Dickens, like Durrell, had a multitude of "selves" he felt forced to push forward, a multitude of voices: high-comic, low-comic, ironic, sentimental, suspenseful, reformist. The sentimental-serious self was forever being tripped up by the ironic-intrusive, and he finally gave in in Bleak House and divided himself in two. With a century of narrative experimentation behind him, Durrell can more comfortably split his intentions among a dozen personae—though essentially, perhaps, only three: Darley, the romanticist; Scobie, the comic; and Pursewarden, the serious, cynical critic. Behind them, as with Dickens, there is a confusion of intention that keeps the Quartet from ever cohering into a single, memorable experience; a confusion that allows each reading to be a sequence of varying kinds of experience of undiminished imaginative intensity—but that leaves us with nothing solid to hold onto in between.

David Littlejohn, "The Permanence of Durrell" (1965), in his Interruptions (copyright © 1970 by David Littlejohn; reprinted by permission of Grossman Publishers), Grossman, 1970, pp. 82-90.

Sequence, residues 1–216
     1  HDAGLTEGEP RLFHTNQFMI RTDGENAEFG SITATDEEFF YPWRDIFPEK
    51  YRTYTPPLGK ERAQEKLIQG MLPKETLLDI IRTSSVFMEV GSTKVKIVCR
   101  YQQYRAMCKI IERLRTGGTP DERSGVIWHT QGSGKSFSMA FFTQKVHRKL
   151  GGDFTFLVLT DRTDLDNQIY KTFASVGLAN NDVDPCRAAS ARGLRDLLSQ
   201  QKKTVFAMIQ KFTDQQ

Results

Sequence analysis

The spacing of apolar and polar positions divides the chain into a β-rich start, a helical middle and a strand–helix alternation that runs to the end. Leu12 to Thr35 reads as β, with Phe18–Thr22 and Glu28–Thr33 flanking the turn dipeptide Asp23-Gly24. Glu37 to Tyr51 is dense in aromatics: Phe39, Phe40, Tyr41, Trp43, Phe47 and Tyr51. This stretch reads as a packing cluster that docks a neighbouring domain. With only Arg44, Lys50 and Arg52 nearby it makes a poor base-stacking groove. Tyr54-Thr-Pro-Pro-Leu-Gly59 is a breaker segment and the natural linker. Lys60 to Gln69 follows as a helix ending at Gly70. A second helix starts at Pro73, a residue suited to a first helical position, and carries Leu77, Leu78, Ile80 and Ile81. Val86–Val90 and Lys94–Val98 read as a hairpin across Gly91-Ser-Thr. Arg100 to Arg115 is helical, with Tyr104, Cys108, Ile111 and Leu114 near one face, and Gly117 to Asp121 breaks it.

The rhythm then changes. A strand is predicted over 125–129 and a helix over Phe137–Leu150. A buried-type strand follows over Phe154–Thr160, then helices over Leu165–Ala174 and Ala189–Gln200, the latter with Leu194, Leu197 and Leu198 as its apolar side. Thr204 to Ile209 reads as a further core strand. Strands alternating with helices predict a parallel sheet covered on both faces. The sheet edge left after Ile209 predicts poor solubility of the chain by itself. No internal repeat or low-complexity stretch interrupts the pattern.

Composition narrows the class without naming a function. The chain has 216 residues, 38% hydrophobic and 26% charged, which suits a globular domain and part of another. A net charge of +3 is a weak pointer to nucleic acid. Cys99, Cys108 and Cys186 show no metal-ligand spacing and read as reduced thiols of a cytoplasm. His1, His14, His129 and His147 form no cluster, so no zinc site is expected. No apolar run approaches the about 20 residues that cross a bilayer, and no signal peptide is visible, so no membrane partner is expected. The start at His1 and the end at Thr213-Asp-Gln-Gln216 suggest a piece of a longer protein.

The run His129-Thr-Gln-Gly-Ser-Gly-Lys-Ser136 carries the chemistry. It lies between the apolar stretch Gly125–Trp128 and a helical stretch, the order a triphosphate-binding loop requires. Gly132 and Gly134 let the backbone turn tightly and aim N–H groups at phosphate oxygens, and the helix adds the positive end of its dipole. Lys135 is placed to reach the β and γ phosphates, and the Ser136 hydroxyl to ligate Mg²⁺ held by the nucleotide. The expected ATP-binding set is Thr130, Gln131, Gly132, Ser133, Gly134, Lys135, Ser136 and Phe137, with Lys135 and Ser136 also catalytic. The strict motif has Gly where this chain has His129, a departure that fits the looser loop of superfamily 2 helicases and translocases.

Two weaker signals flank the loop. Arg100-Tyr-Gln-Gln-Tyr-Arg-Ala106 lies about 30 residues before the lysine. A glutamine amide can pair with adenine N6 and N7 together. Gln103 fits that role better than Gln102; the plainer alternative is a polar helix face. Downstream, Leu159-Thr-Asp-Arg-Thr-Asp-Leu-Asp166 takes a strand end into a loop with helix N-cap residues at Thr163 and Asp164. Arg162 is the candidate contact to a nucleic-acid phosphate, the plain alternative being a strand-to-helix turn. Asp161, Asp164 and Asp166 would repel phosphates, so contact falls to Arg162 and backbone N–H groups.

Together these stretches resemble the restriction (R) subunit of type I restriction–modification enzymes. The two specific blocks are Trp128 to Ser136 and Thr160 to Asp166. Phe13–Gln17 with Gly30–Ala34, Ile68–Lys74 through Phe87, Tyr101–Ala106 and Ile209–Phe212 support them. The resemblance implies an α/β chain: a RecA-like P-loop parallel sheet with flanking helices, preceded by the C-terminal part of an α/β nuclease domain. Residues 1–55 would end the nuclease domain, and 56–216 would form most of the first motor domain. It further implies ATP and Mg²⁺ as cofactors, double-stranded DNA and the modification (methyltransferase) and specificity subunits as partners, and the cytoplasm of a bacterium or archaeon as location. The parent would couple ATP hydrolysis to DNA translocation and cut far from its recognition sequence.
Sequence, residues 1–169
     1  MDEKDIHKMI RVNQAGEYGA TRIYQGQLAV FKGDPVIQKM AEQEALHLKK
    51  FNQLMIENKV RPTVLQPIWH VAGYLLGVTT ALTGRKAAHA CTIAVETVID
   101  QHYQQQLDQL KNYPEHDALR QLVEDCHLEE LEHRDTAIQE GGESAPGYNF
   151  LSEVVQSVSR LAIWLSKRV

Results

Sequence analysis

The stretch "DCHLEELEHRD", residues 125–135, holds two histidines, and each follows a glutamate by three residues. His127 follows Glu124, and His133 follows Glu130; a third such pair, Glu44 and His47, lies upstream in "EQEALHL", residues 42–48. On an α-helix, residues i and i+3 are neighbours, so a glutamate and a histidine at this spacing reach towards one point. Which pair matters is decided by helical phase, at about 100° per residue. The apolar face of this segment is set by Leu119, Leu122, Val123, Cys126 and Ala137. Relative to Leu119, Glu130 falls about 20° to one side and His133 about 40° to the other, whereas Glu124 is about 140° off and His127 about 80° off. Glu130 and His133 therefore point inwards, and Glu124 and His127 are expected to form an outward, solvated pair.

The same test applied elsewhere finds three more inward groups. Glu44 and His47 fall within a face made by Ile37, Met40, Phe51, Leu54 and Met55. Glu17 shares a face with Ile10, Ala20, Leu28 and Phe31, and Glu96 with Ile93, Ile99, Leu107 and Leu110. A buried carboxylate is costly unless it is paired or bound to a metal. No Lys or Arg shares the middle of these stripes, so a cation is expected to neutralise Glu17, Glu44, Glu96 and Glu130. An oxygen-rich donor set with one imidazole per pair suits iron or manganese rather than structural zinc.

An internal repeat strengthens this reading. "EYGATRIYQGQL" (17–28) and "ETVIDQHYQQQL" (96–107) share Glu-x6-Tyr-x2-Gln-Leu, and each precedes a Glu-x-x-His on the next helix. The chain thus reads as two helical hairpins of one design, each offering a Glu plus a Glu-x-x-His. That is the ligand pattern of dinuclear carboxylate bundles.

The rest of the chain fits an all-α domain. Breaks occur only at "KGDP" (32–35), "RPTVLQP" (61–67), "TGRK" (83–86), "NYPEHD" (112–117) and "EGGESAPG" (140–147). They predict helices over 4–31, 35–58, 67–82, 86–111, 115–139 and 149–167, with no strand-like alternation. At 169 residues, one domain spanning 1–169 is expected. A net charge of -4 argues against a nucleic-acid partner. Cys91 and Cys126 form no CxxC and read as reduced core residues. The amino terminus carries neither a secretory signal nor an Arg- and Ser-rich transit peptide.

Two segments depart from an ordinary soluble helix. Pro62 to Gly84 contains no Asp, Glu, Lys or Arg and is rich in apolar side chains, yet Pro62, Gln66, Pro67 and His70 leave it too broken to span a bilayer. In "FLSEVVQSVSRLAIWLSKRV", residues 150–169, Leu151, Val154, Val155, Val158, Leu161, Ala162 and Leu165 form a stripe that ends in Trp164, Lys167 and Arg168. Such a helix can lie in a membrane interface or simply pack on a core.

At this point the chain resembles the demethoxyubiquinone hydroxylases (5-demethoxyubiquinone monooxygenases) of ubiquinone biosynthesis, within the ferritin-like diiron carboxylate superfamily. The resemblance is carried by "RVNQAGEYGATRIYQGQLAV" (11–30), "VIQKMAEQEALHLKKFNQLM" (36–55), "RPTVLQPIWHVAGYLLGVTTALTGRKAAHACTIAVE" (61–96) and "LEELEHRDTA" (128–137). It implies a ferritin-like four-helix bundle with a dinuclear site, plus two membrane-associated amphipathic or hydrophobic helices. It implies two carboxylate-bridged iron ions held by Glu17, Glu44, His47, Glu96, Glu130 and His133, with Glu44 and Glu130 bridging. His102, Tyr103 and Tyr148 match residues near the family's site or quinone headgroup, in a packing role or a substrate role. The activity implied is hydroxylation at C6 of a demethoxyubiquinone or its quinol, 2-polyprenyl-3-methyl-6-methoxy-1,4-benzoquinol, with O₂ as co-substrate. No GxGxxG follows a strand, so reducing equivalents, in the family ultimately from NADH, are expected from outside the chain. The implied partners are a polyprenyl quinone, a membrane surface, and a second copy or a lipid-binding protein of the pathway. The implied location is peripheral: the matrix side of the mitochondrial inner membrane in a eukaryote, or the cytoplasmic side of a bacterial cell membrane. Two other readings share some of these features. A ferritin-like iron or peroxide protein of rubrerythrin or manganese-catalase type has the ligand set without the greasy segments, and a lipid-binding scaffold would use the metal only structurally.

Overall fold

[The Ikons] shows no great advance in Durrell's poetic manner or matter, but it is, like his earlier poems, controlled and classically cool, perceptive and alive with imaginative vision. The poems are like ikons, small and exquisite, worthy of meditation for they are numinous and meaningful. Durrell's "The Alexandria Quartet" remains the towering work of the fifties. These poems, like his verse plays "An Irish Faustus" and "Acte," are small but worthy additions to the varied body of work of which that great novel is the center.

Virginia Quarterly Review, Vol. 43, No. 3 (Summer, 1967), p. cxi.